Your DNA is a valuable asset, so why give it to ancestry websites for free? | Laura Spinney

DNA testing companies are starting to profit from selling our data on to big pharma. Perhaps they should be paying us

The announcement by 23andMe, a company that sells home DNA testing kits, that it has sold the rights to a promising new anti-inflammatory drug to a Spanish pharmaceutical company is cause for celebration. The collected health data of 23andMe’s millions of customers have potentially produced a medical advance – the first of its kind. But a few weeks later the same company announced that it was laying off workers amid a shrinking market that its CEO put down to the public’s concerns about privacy.

These two developments are linked, because the most intimate data we can provide about ourselves – our genetic make-up – is already being harvested for ends we aren’t aware of and can’t always control. Some of them, such as better medicines, are desirable, but some of them should worry us.

Launched in Silicon Valley in 2007, 23andMe offers genetic tests “direct-to-consumer” (DTC) – that is, independently of any healthcare system. The company collects genetic information about people, as well as information about their health, behaviour and much more besides. This allows it to identify links between certain genes and, say, a disease, and then – through its therapeutics division – to develop drugs that interfere with the action of disease-causing genes.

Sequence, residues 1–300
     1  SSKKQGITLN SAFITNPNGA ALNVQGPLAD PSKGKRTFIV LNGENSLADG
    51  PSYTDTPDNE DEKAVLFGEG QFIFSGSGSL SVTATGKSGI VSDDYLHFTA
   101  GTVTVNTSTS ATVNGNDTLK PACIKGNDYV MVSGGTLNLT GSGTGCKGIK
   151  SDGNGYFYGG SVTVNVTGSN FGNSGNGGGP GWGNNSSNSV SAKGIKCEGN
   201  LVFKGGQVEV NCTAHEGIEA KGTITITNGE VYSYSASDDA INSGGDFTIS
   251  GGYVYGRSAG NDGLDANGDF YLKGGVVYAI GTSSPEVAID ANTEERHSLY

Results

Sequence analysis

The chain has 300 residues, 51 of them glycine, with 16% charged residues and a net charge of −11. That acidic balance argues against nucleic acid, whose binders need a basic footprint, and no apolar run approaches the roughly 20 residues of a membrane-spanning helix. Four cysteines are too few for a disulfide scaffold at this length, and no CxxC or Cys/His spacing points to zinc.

Companies such as 23andMe have proliferated over the past decade, feeding people’s hunger to know who and where they come from, and what diseases their genes might predispose them to. Over that time, it has gradually become clear that the main source of revenue for at least some of these companies comes from selling the data on to third parties.

Some DTC companies, such as 23andMe, are transparent about the sharing of data. When you sign its contract, you are asked if you consent to your data being used for research, and roughly 80% of 23andMe’s customers do. Other companies are less forthcoming. A 2016 survey showed that only a third of the 86 companies then offering genetic testing services online explained to customers how their data would be used.

The trouble is, a health tech company is not a doctor. It doesn’t take the Hippocratic oath, and the patient – or customer – is not the person whose wellbeing it is most concerned about. It is not obliged to talk you through its terms and conditions, and it could change these at any time – though in some jurisdictions this may void your consent. You can also withdraw your consent at any time, but that withdrawal generally takes time to come into effect, and in the meantime your data may have been passed on – after which it is harder to get it back. Erasing it entirely is harder still.